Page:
The right gear: Fujifilm 56mm f1.2 Review
There's an adage that we photographers bludgeon each other, and hapless beginners, with: "Your camera gear won't make you better".
Sorry. That's horseshit. You need to buy the right gear.
That said, there is no universal "right" gear. There's camera equipment that's plenty capable and can be used to shoot Netflix shows, but unless it lights that cliché little fire inside your chest, it'll just collect dust and you won't get any better.
I beg friends who are on the cusp of this hobby to go to a camera store and try out their selections. Then, they should pick the one that feels right; my own recommendations only go so far. If all goes well, one of the cameras or lenses will have a friendly chat with their subconscious. It's sometimes hard to articulate and even harder to rationalize the price tag, but if that nebulous bit of kismet happens, they'll keep picking that piece of kit up, they'll keep shooting with it, and they'll get better.
I practice what I preach, and picking up a used copy of the Fujifilm 56mm f1.2 did just that. It's making me pick up my camera and shoot photos, and it's extremely enjoyable.
If you're new around here, I don't go into exact weight/size, sharpness tests, or any of that soulless minutiae that you can read elsewhere from a dozen sources. So, first impressions, then? It's built like any of the finest glass I've ever spent money on from other camera manufacturers (read: Nikon). The focus ring is dampened with what feels like cognac, milk, and honey, making it a breeze to manually focus with. The aperture ring, while tactile, could use some of the focus ring's magic; it's a little too easy to bump it, which could crucially affect your images at the wide end. The plastic hood does its job well enough, but it's also hell bent on making you wrestle it on and off, to the amusement of your friends or passerby. Finally, the lens isn't weather-sealed, but I'm not convinced that weather-sealing is necessary just yet. If I fry my camera while shooting with this in the rain, I'll bake up a nice humble pie for myself. – BUILD: 8/10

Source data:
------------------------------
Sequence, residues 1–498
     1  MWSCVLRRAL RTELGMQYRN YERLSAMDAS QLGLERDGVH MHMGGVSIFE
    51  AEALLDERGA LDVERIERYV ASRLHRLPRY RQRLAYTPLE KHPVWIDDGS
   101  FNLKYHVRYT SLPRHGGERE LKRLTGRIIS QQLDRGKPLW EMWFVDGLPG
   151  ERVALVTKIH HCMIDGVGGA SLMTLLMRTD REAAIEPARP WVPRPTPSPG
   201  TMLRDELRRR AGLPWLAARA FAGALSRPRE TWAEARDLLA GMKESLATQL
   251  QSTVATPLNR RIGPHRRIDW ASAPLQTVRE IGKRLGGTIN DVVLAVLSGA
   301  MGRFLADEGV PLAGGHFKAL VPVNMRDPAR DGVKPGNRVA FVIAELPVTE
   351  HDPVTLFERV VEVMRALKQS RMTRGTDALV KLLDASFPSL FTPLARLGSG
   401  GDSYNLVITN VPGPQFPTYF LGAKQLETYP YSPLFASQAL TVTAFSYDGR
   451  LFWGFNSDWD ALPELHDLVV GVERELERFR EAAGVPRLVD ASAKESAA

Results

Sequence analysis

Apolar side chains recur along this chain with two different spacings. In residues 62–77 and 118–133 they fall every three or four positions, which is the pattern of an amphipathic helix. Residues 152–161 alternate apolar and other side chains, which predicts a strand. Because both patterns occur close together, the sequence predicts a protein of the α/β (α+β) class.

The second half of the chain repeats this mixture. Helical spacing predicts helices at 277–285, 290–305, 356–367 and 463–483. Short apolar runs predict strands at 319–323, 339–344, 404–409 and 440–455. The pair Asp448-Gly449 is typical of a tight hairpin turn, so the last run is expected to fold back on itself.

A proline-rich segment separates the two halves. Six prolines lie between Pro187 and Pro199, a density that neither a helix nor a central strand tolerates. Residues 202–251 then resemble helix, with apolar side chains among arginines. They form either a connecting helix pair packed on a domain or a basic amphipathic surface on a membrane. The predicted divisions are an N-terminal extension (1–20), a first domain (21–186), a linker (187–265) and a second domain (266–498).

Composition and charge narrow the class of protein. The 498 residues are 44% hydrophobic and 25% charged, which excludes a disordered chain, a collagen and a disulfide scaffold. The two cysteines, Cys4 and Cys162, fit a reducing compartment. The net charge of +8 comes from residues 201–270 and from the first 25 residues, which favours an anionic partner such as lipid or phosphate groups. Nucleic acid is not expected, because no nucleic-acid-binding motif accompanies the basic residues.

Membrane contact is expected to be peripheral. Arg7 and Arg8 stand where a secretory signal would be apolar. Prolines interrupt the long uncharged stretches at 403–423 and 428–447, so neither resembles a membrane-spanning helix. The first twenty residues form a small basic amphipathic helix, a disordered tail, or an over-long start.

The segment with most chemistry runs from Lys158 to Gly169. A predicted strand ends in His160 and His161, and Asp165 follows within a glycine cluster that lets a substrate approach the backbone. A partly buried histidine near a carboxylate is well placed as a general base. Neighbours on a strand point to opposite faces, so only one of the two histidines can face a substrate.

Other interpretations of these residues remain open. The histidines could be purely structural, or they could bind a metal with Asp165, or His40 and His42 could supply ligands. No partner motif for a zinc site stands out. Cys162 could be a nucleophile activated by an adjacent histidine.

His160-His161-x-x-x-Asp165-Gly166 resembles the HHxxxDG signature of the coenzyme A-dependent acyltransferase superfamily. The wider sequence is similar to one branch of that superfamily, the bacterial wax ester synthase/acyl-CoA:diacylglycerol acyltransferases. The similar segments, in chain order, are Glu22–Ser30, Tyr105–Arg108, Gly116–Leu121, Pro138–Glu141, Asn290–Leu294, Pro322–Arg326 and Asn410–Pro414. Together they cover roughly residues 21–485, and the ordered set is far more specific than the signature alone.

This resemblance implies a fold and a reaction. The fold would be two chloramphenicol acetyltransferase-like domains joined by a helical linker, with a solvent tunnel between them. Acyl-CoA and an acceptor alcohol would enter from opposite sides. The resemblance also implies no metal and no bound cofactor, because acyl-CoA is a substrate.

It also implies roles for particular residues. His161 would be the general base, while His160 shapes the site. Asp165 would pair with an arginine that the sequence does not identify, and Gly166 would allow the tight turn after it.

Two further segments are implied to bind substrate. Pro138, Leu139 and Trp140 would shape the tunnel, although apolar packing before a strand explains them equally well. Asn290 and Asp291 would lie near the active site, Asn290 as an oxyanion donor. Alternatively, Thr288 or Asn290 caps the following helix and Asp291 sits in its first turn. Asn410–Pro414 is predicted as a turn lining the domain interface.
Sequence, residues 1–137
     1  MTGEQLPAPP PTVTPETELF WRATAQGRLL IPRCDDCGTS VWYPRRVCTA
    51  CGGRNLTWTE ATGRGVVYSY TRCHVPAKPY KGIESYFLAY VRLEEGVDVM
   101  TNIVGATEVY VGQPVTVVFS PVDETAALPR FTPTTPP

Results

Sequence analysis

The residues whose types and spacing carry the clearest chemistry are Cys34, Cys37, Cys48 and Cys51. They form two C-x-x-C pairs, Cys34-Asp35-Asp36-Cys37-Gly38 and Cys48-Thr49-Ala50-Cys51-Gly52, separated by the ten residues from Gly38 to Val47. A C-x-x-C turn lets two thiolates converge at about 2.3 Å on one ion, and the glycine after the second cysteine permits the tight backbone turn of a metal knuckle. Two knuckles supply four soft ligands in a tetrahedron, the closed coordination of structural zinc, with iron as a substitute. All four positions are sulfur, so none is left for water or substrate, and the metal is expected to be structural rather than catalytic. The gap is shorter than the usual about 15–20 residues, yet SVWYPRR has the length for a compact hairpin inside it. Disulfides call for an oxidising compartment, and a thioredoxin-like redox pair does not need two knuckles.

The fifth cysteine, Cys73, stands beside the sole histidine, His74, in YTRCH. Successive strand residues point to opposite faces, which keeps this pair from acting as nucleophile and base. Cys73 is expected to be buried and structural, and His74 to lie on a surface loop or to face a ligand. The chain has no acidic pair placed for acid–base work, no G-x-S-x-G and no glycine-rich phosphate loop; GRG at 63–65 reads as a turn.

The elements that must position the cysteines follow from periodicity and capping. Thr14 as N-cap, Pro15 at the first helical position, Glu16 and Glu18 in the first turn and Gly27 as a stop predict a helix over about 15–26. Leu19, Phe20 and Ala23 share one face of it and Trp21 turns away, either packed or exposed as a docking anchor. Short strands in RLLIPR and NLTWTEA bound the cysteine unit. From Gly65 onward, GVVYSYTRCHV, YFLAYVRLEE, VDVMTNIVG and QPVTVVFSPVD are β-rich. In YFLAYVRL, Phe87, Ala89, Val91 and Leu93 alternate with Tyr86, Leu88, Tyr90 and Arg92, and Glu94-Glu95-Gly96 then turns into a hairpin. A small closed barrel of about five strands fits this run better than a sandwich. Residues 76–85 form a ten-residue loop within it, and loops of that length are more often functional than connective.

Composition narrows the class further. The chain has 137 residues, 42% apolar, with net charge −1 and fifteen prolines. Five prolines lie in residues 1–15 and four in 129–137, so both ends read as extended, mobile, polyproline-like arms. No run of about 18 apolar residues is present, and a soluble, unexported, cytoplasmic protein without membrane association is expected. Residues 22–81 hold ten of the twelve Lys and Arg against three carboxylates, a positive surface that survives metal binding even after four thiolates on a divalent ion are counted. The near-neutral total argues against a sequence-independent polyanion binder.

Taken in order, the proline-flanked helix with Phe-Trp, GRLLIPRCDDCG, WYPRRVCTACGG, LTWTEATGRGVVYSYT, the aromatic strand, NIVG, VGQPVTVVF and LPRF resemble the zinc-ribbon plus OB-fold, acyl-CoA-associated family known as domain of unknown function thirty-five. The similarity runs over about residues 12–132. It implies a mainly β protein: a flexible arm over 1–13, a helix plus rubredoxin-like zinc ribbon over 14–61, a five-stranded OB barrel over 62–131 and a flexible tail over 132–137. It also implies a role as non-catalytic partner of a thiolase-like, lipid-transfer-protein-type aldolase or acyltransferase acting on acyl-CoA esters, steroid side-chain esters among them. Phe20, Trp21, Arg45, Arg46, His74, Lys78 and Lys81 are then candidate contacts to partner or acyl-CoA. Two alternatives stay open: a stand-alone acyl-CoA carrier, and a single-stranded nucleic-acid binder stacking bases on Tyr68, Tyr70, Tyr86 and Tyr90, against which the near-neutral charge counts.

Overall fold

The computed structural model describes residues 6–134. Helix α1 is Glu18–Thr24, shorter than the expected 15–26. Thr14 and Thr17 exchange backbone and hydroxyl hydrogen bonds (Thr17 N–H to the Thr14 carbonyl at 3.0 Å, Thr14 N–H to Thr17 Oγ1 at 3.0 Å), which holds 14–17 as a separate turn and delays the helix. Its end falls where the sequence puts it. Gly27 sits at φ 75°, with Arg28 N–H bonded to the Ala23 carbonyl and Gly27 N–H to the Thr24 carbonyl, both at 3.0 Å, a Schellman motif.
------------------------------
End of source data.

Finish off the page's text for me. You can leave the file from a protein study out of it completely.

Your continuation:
Okay, we're off to a good start, but here's where things get a little quirky. Well, one thing: the autofocus. It's no secret that some of Fujifilm's older lenses are starting to get a little indecisive on newer, faster camera bodies like the X-T2. As an example, the full-sensor autofocus option (which can draw from the most autofocus points) will induce some significant hunting. Accuracy, though, is rather good, as the lens typically lands on your intended focus point. I unintentionally found a workaround for this: not realizing I was on single-point autofocus for about three weeks. It's really for the best, too; pick the center point, focus, and recompose. In low light, doing so will probably take a fraction more time than having the lens hunt for you, but you'll almost always land on your target. When the going gets really rough, the X-T2's brilliant manual focus peaking is more than willing to take up the task. Even wide-open at f1.2, nailing shots is a breeze. Thus, that's something to be mindful of if you're looking to get this glass for an older Fujifilm body. – PERFORMANCE: 7/10
"Here's where he says that the image quality more than makes up for its shortcomings", I can hear you saying. Sorry to be trite, folks, but that's exactly what I'm saying. I'm not the most traveled photographer when it comes to gear, but I've handled my fair share of wide-aperture lenses -- this thing is completely tack-sharp when shooting at f1.2. I think I laughed when I first reviewed the images, as if I couldn't quite believe what I was seeing. Not many other pieces of kit can do that, especially at this price point. Granted, there's some vignetting while shooting wide-open, but this is pretty par for the course and it works for my style. Color rendition is perfect, which isn't a measurement; it's fine, so don't worry about it. As with any lens, stopping down to about f2.8 and smaller will produce slightly sharper images, but given how good this thing is wide-open, I can't imagine many scenarios for doing so aside from bright light or for video purposes. – IMAGES: 10/10
It's not perfect, but neither are interpersonal relationships, your favorite sports team, or 99.9% of Alfa Romeos. You may need to tinker with it, and even compromise a bit; meet its infidelities in the middle, and you'll have a lens that'll produce addictively-good results.
But hey, that's just me. Try it for yourself.
For me, it's the right gear.